Compare any two graphics cards:
GeForce GTS 250 1GB vs Radeon HD 3870 X2 512MB
IntroThe GeForce GTS 250 1GB makes use of a 65/55 nm design. nVidia has clocked the core frequency at 738 MHz. The GDDR3 memory is set to run at a frequency of 1100 MHz on this specific card. It features 128 SPUs as well as 64 Texture Address Units and 16 Rasterization Operator Units.
Compare those specifications to the Radeon HD 3870 X2 512MB, which uses a 55 nm design. AMD has set the core frequency at 825 MHz. The GDDR3 memory runs at a speed of 900 MHz on this specific model. It features 320(64x5) SPUs along with 16 Texture Address Units and 16 ROPs.
Power Usage and Theoretical Benchmarks
In theory, the Radeon HD 3870 X2 512MB should be 64% faster than the GeForce GTS 250 1GB in general, because of its higher data rate. (explain)
Texel RateThe GeForce GTS 250 1GB is much (approximately 79%) more effective at texture filtering than the Radeon HD 3870 X2 512MB. (explain)
Pixel RateIf using a high screen resolution is important to you, then the Radeon HD 3870 X2 512MB is superior to the GeForce GTS 250 1GB, and very much so. (explain)
Please note that the above 'benchmarks' are all just theoretical - the results were calculated based on the card's specifications, and real-world performance may (and probably will) vary at least a bit.
One or more cards in this comparison are multi-core. This means that their bandwidth, texel and pixel rates are theoretically doubled - this does not mean the card will actually perform twice as fast, but only that it should in theory be able to. Actual game benchmarks will give a more accurate idea of what it's capable of.
Please note that the price comparisons are based on search keywords - sometimes it might show cards with very similar names that are not exactly the same as the one chosen in the comparison. We do try to filter out the wrong results as best we can, though.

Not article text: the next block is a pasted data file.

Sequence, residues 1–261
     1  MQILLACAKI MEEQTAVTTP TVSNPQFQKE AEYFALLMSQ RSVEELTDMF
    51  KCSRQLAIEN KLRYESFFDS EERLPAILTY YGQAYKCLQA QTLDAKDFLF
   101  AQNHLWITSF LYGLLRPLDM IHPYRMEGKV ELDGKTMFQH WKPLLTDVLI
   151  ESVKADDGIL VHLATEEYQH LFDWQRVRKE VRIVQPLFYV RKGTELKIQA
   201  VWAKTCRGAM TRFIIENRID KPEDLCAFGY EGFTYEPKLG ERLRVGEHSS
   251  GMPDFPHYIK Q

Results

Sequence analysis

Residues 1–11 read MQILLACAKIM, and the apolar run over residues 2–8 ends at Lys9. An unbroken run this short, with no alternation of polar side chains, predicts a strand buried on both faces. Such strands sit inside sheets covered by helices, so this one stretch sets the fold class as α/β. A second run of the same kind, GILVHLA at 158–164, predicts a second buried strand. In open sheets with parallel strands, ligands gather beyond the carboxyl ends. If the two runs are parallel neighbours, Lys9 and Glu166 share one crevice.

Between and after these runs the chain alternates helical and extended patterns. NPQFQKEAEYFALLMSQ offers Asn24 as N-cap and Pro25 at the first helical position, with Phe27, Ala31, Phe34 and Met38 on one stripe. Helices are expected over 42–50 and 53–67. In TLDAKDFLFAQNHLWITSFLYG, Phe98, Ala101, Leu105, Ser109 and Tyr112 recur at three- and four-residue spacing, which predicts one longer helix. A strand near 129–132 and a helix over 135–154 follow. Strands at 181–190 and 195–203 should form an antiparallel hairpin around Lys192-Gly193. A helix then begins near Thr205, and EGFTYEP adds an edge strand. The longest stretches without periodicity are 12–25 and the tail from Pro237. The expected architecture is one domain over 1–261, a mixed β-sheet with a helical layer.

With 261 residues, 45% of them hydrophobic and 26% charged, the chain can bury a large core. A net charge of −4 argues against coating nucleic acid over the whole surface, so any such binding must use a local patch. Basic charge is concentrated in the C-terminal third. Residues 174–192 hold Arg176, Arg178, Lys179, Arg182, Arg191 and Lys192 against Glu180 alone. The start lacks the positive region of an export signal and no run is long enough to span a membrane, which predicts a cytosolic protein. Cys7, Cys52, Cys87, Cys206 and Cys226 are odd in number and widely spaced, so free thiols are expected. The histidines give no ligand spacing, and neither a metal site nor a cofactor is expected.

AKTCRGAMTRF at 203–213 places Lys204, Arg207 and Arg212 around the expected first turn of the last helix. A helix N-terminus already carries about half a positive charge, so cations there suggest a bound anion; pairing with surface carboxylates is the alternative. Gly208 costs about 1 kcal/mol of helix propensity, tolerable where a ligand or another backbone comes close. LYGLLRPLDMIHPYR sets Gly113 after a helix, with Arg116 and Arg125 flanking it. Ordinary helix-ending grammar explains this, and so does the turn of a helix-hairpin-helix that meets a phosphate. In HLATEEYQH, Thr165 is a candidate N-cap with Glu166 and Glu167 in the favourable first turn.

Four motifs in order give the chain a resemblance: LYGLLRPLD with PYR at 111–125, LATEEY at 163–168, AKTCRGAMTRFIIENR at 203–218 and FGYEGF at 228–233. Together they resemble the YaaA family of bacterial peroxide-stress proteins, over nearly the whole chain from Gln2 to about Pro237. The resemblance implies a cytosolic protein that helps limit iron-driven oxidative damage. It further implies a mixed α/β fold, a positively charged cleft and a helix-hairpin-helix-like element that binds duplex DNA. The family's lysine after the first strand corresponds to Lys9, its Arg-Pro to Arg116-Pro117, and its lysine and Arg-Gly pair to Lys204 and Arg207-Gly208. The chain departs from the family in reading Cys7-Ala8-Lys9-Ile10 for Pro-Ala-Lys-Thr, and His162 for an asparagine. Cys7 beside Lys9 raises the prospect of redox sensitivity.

Memory Bandwidth: Bandwidth is the maximum amount of information (in units of megabytes per second) that can be transported across the external memory interface within a second. It is calculated by multiplying the card's interface width by its memory speed. If it uses DDR type memory, it should be multiplied by 2 again. If DDR5, multiply by ANOTHER 2x. The better the memory bandwidth, the better the card will be in general. It especially helps with anti-aliasing, HDR and higher screen resolutions.
Texel Rate: Texel rate is the maximum number of texture map elements (texels) that can be applied per second. This figure is worked out by multiplying the total number of texture units by the core clock speed of the chip. The higher this number, the better the card will be at handling texture filtering (anisotropic filtering - AF). It is measured in millions of texels per second.
Pixel Rate: Pixel rate is the maximum number of pixels the video card can possibly write to the local memory per second - measured in millions of pixels per second. The figure is calculated by multiplying the amount of Render Output Units by the the core clock speed. ROPs (Raster Operations Pipelines - aka Render Output Units) are responsible for drawing the pixels (image) on the screen. The actual pixel fill rate is also dependant on quite a few other factors, most notably the memory bandwidth - the lower the memory bandwidth is, the lower the ability to get to the max fill rate.